Where next? Southbank of course. Over Hungerford Bridge….and, suddenly, nothing. Or no one, actually. After the madness of the recent Shakespeare extravaganza and the all too familiar jostling with clueless tourists in my favourite part of London, it was almost eerie to have it to ourselves. Nice, but eerie. Where was everyone? At work (as Sara was supposed to be, but I am a bad influence) or perhaps scared away by the dire forecast. What a pleasure to stroll along, admiring the city from Bankside without having to navigate selfie sticks and packs of bored school children. As we approached the Tate, discussing whether we pop in for coffee  there or continue down to Borough Market, I saw him. The Southbank Poet. I have been looking for him forever. IMG_2210And there he was. Between the man blowing enormous bubbles and the musician. At his little table with his adorable green Olivetti typewriter sat writer and poet, Lewis Parker. I had heard rumour of him for years, but had yet to find him myself. His sign offered poems, stories and suicide notes (certainly not!), & more. We later found out later that the “more” tends to be resignation letters.

IMG_2206“There he is, there he is,” I shouted at Sara, grabbing her arm excitedly, like a crazed pop fan or royal family devotee. If she was surprised that the object of my enthusiasm was a young, serious man with typewriter, she didn’t let on. She knows me well, after all.

We rushed over. Oh please, please write me a poem. He nodded and asked if I could provide either a subject or a title. Something cheerful, because I am the happiest person you will ever meet and it is a glorious day!!! He nodded calmly, unfazed by my exuberance. “Give me ten minutes,” he said

So we wandered a bit further along. Then watched as another man approach Lewis and demanded a poem , “I am in a rush.” A rush for poetry. How extraordinary.  He seemed desperate, unhinged almost. So I graciously nodded to indicate it was fine to take him first. And so we stood, Sara and I, gazing up over Millennium Bridge toward St Paul’s. IMG_2216With the trees rustling and bending in the increasingly strong wind. Daydreaming. Nowhere else on earth I would have rather been at that moment.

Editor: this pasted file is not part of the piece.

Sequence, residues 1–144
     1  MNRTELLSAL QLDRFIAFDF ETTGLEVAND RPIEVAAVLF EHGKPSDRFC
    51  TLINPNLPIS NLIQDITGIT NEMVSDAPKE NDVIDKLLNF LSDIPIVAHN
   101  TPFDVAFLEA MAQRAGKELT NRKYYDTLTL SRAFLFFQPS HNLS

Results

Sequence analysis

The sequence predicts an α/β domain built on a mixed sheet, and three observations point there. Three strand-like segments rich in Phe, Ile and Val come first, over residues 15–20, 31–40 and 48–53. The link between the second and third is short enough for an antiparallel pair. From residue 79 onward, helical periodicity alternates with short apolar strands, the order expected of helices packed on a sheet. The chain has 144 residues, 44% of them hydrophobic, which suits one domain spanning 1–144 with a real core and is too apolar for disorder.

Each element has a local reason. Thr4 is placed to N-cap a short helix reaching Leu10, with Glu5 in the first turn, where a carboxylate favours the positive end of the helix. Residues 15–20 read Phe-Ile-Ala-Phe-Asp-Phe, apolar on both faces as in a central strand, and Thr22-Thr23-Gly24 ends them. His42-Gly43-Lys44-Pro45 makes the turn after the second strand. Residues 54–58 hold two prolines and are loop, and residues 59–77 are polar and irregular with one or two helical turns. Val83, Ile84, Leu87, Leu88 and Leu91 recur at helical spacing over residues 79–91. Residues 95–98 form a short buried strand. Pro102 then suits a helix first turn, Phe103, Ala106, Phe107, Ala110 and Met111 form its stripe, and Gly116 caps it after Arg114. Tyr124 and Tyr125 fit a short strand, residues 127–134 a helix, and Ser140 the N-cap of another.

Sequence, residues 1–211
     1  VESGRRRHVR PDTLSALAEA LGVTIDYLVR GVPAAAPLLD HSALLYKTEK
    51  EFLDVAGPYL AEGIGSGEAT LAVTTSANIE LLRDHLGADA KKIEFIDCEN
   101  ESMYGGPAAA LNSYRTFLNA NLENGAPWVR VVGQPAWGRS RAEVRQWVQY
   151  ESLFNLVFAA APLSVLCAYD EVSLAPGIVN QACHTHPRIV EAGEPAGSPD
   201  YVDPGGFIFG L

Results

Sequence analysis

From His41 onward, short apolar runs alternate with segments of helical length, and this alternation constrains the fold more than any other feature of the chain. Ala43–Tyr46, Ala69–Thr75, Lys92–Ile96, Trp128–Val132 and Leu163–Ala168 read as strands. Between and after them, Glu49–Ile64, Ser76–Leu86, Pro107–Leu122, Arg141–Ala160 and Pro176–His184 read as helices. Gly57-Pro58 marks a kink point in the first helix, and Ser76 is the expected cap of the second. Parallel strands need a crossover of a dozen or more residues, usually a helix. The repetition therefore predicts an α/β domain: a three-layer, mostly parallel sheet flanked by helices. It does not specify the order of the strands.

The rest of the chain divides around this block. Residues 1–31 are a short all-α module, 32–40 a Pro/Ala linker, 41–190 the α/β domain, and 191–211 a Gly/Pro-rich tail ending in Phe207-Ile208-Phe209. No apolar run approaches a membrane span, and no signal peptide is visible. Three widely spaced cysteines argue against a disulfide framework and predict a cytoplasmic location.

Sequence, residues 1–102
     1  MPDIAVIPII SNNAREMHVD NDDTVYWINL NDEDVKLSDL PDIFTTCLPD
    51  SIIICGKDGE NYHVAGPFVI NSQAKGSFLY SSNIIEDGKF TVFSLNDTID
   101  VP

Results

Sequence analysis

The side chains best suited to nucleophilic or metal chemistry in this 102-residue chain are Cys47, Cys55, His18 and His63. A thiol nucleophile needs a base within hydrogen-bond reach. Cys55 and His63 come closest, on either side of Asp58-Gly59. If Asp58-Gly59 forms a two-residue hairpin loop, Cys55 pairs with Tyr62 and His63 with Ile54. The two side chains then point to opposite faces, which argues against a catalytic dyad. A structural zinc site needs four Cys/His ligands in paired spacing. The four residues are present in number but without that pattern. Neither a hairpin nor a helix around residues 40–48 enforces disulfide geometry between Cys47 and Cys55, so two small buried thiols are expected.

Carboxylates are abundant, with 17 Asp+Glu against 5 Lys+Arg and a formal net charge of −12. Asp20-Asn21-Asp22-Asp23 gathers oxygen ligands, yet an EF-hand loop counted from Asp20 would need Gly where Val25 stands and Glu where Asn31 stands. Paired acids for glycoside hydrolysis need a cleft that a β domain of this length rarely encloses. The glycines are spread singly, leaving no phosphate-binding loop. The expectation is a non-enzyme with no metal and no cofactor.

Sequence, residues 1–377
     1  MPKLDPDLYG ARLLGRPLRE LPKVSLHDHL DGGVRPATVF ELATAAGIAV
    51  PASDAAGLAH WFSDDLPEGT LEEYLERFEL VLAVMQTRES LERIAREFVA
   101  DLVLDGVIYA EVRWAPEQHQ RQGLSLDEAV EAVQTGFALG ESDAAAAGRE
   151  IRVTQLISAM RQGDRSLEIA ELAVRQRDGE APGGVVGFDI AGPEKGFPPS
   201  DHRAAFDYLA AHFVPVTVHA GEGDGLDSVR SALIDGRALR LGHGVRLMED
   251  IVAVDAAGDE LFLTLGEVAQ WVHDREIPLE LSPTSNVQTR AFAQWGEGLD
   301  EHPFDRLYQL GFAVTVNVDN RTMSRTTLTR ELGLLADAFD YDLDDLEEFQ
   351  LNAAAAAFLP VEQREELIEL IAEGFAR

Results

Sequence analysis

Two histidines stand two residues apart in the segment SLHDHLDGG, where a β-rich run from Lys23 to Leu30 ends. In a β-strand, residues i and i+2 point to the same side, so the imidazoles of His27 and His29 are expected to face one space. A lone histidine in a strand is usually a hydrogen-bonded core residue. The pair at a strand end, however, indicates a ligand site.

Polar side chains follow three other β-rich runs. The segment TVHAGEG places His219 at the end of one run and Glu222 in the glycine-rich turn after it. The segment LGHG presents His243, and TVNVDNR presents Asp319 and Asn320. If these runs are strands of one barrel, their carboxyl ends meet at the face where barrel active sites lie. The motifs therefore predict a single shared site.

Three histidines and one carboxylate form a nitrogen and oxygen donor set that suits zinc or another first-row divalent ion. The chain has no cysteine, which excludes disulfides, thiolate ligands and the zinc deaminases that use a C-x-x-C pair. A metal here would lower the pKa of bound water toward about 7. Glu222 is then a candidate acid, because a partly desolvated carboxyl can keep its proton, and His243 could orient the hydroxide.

I wrote recently about my desire to learn to read poetry properly. (On Good Friday and Poetry, 38/100) The mastery of verse remains a mystery to me, but one I very much want to crack. I fantasize of spending my advancing years sitting somewhere lovely, with a small tome in hand, relishing the beauty of the words. It must be considered progress that on this gorgeous day I was having a poem written for me, on the Southbank.  By the Southbank poet.

And here it is:

A Windy Day
The weathervane pointed at suicide
until you came by and it swung to coffee.
Then as you chased a bobble hat down the street
it switched again to sunbathing-by-contemplation.
As we swirled in all directions like propellers
shedding scarves and hat and sunglasses,
we decided to just stand still and listen
to the whirlwinds and hope somebody was
taking notes.

We read it out loud. Loved it. I was delighted. More than delighted. I may have it framed. We thanked him verbally and monetarily, profusely and vowed to stay in touch. Then, as I clutched my poem and began to walk away, it started to hail. And snow. Because London is magic. Pure magic.

Instagram: @mylondonpassion